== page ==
Understanding High Cholesterol
Published - Sep 20, 2023
Understanding High Cholesterol
High cholesterol, a prevalent health concern worldwide, has been associated with a range of cardiovascular diseases, including heart attacks and strokes. Understanding the causes, risks, and effective ways to reduce cholesterol levels is crucial for maintaining heart health and preventing related complications.
Causes of High Cholesterol
- Dietary Choices: A significant contributor to high cholesterol is the consumption of a diet rich in saturated and trans fats. Foods such as red meat, full-fat dairy products, and fried and processed foods can raise LDL (low-density lipoprotein) cholesterol levels, often referred to as "bad" cholesterol.
- Genetics: Some individuals are genetically predisposed to high cholesterol due to familial hypercholesterolemia. This condition results in an overproduction or reduced clearance of LDL cholesterol, leading to elevated levels in the blood.
- Sedentary Lifestyle: Physical inactivity can lower HDL (high-density lipoprotein) cholesterol, the "good" cholesterol that helps remove LDL from the bloodstream. Lack of regular exercise can contribute to higher cholesterol levels.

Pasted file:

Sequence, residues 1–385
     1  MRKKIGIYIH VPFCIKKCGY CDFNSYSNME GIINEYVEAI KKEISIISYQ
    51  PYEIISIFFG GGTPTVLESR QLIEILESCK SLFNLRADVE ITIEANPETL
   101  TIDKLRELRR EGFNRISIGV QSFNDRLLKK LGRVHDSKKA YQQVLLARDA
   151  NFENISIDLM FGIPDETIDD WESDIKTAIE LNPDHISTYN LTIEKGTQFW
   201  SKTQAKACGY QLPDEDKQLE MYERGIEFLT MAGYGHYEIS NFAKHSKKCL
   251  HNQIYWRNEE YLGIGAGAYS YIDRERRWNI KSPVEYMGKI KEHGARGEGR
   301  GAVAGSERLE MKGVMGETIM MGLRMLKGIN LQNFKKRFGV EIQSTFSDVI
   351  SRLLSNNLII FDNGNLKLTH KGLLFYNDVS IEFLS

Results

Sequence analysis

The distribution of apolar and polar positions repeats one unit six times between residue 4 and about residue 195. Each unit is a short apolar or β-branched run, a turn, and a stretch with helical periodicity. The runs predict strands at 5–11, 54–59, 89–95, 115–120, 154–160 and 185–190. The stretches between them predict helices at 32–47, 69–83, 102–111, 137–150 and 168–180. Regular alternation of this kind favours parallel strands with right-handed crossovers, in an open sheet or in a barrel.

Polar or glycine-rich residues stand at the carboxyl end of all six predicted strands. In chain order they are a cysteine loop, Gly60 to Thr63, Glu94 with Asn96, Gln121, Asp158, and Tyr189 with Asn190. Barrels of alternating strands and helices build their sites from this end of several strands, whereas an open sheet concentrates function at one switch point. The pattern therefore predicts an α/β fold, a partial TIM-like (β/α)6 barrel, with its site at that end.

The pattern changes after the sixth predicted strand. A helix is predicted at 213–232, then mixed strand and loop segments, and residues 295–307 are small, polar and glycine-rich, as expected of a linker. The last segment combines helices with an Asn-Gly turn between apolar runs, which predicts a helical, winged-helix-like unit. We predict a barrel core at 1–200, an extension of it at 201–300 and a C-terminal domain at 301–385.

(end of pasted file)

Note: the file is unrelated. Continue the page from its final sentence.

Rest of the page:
- Obesity: Excess body weight, particularly in the form of abdominal fat, is linked to higher cholesterol levels. Obesity can disrupt the balance between good and bad cholesterol.
- Smoking: Smoking damages blood vessels and reduces HDL cholesterol levels. It also promotes the accumulation of fatty deposits in the arteries, increasing the risk of atherosclerosis.
- Age and Gender: Cholesterol levels tend to rise with age, and post-menopausal women are at a higher risk of elevated LDL cholesterol levels due to hormonal changes.
Risks Associated with High Cholesterol
- Cardiovascular Disease: Elevated LDL cholesterol levels contribute to the development of atherosclerosis, a condition characterized by the buildup of plaque in the arteries. This can lead to heart attacks, strokes and other cardiovascular diseases.
- Hypertension: High cholesterol can be linked to high blood pressure, another significant risk factor for heart disease. The combination of these conditions intensifies the risk of cardiovascular events.
- Peripheral Artery Disease: Narrowed arteries caused by atherosclerosis can impede blood flow to the limbs, leading to peripheral artery disease. This can result in pain, limited mobility, and in severe cases, amputation.
- Xanthomas: High cholesterol levels can cause deposits of cholesterol-rich material under the skin, known as xanthomas. These are often found around the eyes or tendons and can be indicative of an underlying cholesterol problem.
- Pancreatitis: Extremely high levels of triglycerides, a type of blood fat, can lead to pancreatitis, a painful inflammation of the pancreas.
How to Reduce Cholesterol Levels
- Healthy Diet: Adopting a diet low in saturated and trans fats is essential for managing cholesterol. Focus on fruits, vegetables, whole grains, lean proteins, and foods rich in soluble fiber, such as oats and beans. These dietary changes can help lower LDL cholesterol.